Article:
9.The system fails to boot, freezes during boot, or freezes during operation for no apparent reason This is the classic sign of hardware conflict. It is a problem in RAM, cache memory. A PC is designed with a limited number of resources (memory, I/O addresses, interrupt (IRQ) lines, DMA channels among others). For a PC to function properly, each device added to the system must use its own unique resources. For example, no two devices can use the same IRQ, DMA, or I/O resources. When such an overlap of resources occurs, the PC can easily malfunction and freeze. Unfortunately, it is virtually impossible to predict when the malfunction will occur, so a conflict can manifest itself early (any time during the boot process) or a later on (after DOS is loaded) while an application is running. Remedy to this conflict requires patient and attention to detail as follows: (a) Examine the upgrade and its adapter board and check the IRQ, DMA, and I/O address setting of other boards in the system. Make sure that the upgrade hardware is set to use resources that are not in use by other devices already in the system. For example some motherboards offer built-in video controller circuits. Before another video adapter can be added to the system, the motherboard video adapter must be disabled, usually with a single motherboard jumper.

      10.The system fails to recognizes the newly installed device This could be as a result of power supply problem. To remedy this symptom, check power supply, cable connection, port, hardware. If this does not remedy the problem, enable settings in BIOS.

      11.You cannot access the hard drive, and the drive light stays on continuously This usually indicates a reversed signal cable and is most common when upgrading or replacing a drive system. Thus make the following checks:

      a)Check the signal cable. In virtually all cases, one end of the signal cable is reversed. Make sure that both ends of the cable are installed properly (remember that the red or blue stripe on the side of the cable represents pin 1). b)Replace the drive controller: If problems persist, replace the drive controller. It is rare for a fault in the drive controller to cause this type of problem, but if trouble persists, try a reliable drive controller board.

      12.You see a “No Fixed Dist Present� error message on the monitor This kind of problem can occur during installation or at any point in the PC’s working life. The following checks are recommended:

      a)Check the power connector. Make sure the four-pin power connector is inserted properly and completely. If the drive is being powered by a Y-connector, make sure any interim connections are secure. Use a voltmeter and measure the +5 volt (pin 4) and +12 volt (pin 1) levels. If either voltage (especially the +12 volt supply) is unusually low or absent, replace the power supply. b)Check the signal connector. Make sure the drives signal cable is connected securely at both the drive and controller. If the cable is visibly worn or damaged, try a new one. c)Check the CMOS Setup. Enter the CMOS Setup routine and see that all the parameters entered for the drive are correct. Heads, cylinders, sectors per track, landing zones, and write precompensation must all be correct. Otherwise, POST will not recognize the drive. You might also try auto-detecting the drive. d)Check for hardware conflicts. Make sure that no other expansion devices in the system ae using the IRQs or I/O addresses used by your drive controller. If so, change the resources used by the conflicting device. If your drive system uses a SCSI interface, make sure that the SCSI cable is terminated properly. e)Replace the hard drive or controller. If problems continue, try a reliable hard drive. If it works as expected, your original drive is probably defective. If problems persist with the drive, replace the drive controller board.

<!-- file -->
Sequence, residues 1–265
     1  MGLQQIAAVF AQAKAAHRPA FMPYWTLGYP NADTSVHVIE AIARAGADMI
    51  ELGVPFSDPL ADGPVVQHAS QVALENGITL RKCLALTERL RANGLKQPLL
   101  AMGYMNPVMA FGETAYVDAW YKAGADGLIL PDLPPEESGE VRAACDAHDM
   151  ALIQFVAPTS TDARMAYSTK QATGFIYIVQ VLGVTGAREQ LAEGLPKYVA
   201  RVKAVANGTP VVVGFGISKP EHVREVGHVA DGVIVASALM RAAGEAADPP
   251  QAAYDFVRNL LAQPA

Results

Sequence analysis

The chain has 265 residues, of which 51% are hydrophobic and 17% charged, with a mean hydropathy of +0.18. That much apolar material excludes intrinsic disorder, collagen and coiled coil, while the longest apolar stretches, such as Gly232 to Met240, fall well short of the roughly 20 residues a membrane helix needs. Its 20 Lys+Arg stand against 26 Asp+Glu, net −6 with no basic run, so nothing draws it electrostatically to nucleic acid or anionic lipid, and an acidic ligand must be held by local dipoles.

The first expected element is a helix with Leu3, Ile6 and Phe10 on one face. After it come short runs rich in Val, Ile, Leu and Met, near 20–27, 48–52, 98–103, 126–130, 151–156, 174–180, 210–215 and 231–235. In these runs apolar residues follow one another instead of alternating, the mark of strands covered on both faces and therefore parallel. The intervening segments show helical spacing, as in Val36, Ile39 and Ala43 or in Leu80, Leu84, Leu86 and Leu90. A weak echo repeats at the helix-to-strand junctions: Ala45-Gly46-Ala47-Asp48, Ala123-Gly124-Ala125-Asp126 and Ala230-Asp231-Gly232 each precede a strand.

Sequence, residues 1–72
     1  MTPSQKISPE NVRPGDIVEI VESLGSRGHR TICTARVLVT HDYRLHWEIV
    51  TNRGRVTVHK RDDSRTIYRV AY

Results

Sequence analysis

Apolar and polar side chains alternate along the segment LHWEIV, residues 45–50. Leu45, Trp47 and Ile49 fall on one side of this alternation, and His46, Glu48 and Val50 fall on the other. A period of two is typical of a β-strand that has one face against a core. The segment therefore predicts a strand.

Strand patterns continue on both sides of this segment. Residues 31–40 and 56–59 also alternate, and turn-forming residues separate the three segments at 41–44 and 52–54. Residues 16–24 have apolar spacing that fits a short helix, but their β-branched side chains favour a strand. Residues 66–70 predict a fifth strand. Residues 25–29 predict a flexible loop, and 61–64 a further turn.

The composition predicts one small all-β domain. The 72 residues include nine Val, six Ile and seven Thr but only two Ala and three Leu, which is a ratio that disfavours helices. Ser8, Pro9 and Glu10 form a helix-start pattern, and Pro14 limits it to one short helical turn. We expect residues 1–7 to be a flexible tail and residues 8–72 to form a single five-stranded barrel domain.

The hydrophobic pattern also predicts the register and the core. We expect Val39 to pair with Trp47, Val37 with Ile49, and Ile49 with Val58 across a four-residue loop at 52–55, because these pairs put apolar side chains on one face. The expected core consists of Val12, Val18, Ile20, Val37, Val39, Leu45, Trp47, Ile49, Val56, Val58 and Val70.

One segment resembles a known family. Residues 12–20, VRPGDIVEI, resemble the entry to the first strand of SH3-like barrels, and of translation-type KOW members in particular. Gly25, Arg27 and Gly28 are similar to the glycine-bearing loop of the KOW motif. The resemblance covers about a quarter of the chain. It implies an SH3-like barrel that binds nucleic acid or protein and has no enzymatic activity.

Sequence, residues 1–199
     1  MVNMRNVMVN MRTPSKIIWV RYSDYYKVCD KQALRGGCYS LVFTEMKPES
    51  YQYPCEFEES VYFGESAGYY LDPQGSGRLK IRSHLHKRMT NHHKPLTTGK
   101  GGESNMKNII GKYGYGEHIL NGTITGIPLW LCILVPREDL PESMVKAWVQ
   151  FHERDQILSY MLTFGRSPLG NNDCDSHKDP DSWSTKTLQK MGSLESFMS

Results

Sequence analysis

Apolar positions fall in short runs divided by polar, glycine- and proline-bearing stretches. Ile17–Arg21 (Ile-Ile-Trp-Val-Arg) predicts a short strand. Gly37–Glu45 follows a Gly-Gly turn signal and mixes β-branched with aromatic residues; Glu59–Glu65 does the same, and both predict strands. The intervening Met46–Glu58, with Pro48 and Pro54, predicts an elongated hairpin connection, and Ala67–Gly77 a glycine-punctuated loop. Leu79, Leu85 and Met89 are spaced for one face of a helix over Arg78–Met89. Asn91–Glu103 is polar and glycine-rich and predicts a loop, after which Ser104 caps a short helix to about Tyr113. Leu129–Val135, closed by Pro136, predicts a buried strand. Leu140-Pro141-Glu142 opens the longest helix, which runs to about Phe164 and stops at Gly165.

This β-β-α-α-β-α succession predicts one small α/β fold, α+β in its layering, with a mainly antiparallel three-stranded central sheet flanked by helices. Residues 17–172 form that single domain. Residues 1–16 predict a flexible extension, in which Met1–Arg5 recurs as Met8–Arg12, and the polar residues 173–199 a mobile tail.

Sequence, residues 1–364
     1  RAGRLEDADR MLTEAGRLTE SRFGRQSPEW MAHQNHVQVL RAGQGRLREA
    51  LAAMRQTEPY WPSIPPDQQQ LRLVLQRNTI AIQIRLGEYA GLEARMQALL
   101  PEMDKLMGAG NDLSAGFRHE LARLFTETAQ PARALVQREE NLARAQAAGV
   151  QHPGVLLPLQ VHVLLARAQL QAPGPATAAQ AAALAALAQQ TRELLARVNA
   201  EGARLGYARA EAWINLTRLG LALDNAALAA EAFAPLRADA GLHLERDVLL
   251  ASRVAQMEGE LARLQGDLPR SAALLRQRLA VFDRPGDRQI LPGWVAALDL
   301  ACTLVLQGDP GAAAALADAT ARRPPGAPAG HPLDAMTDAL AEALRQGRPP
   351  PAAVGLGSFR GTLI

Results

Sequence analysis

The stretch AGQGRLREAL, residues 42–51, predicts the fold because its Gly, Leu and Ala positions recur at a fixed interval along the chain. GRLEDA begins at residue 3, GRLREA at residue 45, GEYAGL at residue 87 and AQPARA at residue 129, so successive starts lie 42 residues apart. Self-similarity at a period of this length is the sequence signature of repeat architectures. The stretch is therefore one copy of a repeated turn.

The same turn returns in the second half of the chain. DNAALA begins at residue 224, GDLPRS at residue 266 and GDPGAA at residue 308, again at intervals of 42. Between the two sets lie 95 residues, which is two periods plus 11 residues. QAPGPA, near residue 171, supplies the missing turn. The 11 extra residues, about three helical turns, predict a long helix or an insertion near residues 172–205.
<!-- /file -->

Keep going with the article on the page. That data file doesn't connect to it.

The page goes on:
13.Your drive spins up, but the system fails to recognize the drive Your computer may flag this as a hard-disk error or a hard-disk controller failure during system initialization. The following checks will help you find a solution:

      a)Check the signal connector. Make sure that the interface signal cable is inserted properly and completely at the drive and controller. Try a new signal cable. b)Check the drive jumpers. See that a primary (master) drive is configured as primary, and a secondary (slave) drive is configured as secondary. For SCSI drives, see that each drive has a unique ID setting and check that the SCSI bus is terminated properly. c)Check the CMOS Setup. Enter the CMOS Setup routine and see that all the parameters entered for the drive are correct. Heads, cylinders, sectors per track, landing zones, and write precompesantion must all be correct. Otherwise, POST will not recognize the drive. Try using the auto-detect feature if it is available. d)Check the partition. If the CMOS is configured properly, you should suspect a problem with the partition. Boot from a floppy dist and run FDISK to check the partitions on your hard drive. Make sure that at least one DOS partition exists. If the drive is to be your boot drive, the primary partition must be active and bootable. Repartition and reformat the drive if necessary. e)Try another hard drive or controller. If a reliable drive works as expected, your original drive is probably defective. If the hard drive fails to work as expected, replace the drive controller. If problems persist with a reliable floppy drive, replace the drive controller board.